Earlier this month, the ever loathsome website Salon published a hit piece on American Renaissance by a Professor Robert Sussman. While Jared Taylor and Michael McGregor have both written excellent responses, there are still a few mistakes and misrepresentations worth addressing. As Mr. Taylor notes, Prof. Sussman makes much of a subscriber’s survey taken in 1997, so a closer look at its results, and what Prof. Sussman claims the results are, is in order.

First, there are the blatant errors. In his examination of responses regarding “Americans Who Have Advanced White Interests” he notes that Revilo P. Oliver made the list, and writes that he, “argued that Hitler should be recognized as ‘a semi-divine figure.’” The quote is completely out of context, and comes from a footnote in Dr. Oliver’s book America’s Decline in which he speculates: “It is also possible that if our race recovers its lost vigor and ascendency, a future religion may recognize Adolf Hitler as a semidivine figure.” Prof. Sussman’s error in this case is particularly curious because the late Dr. Oliver was indeed a fan of Adolf Hitler, and other, accurate, quotes could have been employed to demonstrate this. Perhaps Prof. Sussman is unaware of this fact, since he sloppily paints so many people as Nazis without fact-checking.

Also among the figures readers chose for “Americans Who Have Advanced White Interests” is Wilmot Robertson, who Prof. Sussman says, “viewed Hitler as defender of the white race.” Wilmot Robertson published and edited a pro-white monthly called Instauration for over a quarter century and wrote three books. Nowhere in the thousands of articles published in Instauration, many of which can be found online can I find an instance when the late Mr. Robertson wrote a positive word about Hitler. In none of his three books is Hitler cast in a positive light, and one of those books is about creating a White ethnostate, a topic that would provide ample opportunities to cite Hitler as an example. Prof. Sussman, of course, provides no citation or source for his claim about Mr. Robertson’s supposed Hitlerism.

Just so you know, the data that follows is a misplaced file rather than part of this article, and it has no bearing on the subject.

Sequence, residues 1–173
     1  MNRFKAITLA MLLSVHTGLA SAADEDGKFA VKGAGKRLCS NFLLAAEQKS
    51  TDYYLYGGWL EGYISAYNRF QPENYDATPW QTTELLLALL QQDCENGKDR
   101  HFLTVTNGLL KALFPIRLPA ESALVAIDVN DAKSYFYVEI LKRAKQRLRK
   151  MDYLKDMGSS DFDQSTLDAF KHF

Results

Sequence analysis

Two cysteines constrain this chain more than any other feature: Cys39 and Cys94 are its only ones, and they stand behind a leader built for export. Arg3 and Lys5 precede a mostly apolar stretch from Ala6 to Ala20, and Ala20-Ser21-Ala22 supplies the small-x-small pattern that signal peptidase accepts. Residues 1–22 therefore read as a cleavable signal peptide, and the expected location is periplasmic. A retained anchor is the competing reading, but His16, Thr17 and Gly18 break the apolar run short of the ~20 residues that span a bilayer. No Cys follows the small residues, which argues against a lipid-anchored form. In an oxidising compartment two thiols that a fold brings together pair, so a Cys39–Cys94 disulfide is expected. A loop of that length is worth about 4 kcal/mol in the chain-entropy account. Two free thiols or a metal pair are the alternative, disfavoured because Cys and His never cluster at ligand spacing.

Aside from these two errors, Prof. Sussman has impressively cherry-picked the results of the reader’s survey, or perhaps as James Fulford suggests, has aped the cherry-picking from William Tucker’s The Funding of Scientific Racism. From the results of “Americans Who Have Advanced White Interests” he named the following people who made the list: Jared Taylor, David Duke, Robert E. Lee, Arthur Jensen, William Shockley, Wilmot Robertson, Revilo P. Oliver, William Pierce, George Wallace, Madison Grant, and Theodore Bilbo. Readers of Prof. Sussman’s will likely think that these figures were the most popular among American Renaissance readers, but that is far from the case. Prof. Sussman seems to have plucked what he thinks are the “scariest” names from the results and omits many figures whose presence on the list would force him to think twice about his smears against American Renaissance. The top ten, in order, were: Jared Taylor, Pat Buchanan, David Duke, Thomas Jefferson, Samuel Francis, Robert E. Lee, George Washington, Wilmot Robertson, Nathan B. Forrest, and Arthur Jensen. Everyone not in the top ten received less than 30 votes – less than eight percent of reader’s votes.